The Pipeline component

The serial server presented in the previous section is intended to receive messages from a client. The pipeline server is just like a serial server, but it is designed to receive a stream of messages from another server, forming a pipeline. It can then redirect the messages to another server or it can route the messages back to the client to close the message loop.

The simplest architecture where a Pipeline server is useful is adding an additional step to a client-server call like the one presented in the following figure.


Diagram of components for a simple use of the pipeline server

You can see an example how the Pipeline server to create a pipeline started by a Server in the examples section (A pipelined message stream). The big picture is simple. A Server starts a pipeline, and the pipeline servers are the steps of it.

One important detail in this first example is that the client gets a sequence of method calls, the server name and the method of each step, in a list. This of course means that the first argument of the pylm.clients.Client.eval() and pylm.clients.Client.job() methods in may be either a string or a list of strings.

Pipeline servers can be attached to Master servers too to attach a parallel-processing step to a serial-processing step


Sketch of a pipeline server processing the output of a master.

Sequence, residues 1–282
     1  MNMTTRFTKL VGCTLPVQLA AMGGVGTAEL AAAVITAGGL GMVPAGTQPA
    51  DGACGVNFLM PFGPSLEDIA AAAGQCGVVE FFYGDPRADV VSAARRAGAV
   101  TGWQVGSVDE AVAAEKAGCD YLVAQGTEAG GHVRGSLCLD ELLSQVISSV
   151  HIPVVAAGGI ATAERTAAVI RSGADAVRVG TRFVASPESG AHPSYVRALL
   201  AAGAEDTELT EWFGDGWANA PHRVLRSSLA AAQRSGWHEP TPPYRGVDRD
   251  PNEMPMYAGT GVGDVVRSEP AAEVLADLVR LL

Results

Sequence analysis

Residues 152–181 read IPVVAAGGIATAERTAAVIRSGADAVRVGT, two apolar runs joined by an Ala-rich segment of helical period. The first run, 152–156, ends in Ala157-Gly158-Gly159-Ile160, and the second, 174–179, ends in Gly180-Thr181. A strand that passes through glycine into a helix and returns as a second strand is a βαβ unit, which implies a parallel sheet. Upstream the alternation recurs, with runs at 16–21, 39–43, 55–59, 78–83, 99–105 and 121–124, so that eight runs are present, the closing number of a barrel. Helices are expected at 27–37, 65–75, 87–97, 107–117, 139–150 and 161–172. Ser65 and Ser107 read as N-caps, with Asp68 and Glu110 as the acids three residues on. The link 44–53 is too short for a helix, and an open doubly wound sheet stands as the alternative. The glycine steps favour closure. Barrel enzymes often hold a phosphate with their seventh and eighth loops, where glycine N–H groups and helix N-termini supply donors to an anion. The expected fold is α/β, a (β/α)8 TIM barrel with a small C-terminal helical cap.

You can find the full example in Connecting a pipeline to a master

Controlling the messages down the pipeline

One important feature of the pipelined message stream is that it can be controlled and diverted. If one connects multiple pipeline servers to a single server, the default behavior is to send all messages to all the connected pipelines.


Example of two pipeline components fetching the output of a server. The default behavior of the que is to send the same data to both pipelines.

If you take a look at the full example (A pipelined message stream forming a tee), you can see that the Pipeline needs an extra argument, which is the name of the server or the pipeline at the previous step. At the same time, one must tell the servers at its creation that the stream of messages will be sent to a Pipeline, and not sent back to the client.

If you want a finer-grain control over where each message is sent down the pipeline you can use the handle_stream method to manage the stream. This can be used in combination with the previous option to fully manage the routing of the messages on each step.


The flow of messages from the server to the pipeline can be controlled in many different ways. In this example, the odd messages are sent to one component, while the even are sent to a different one.

You can see the full example here (A pipelined message stream forming a tee and controls the stream of messages).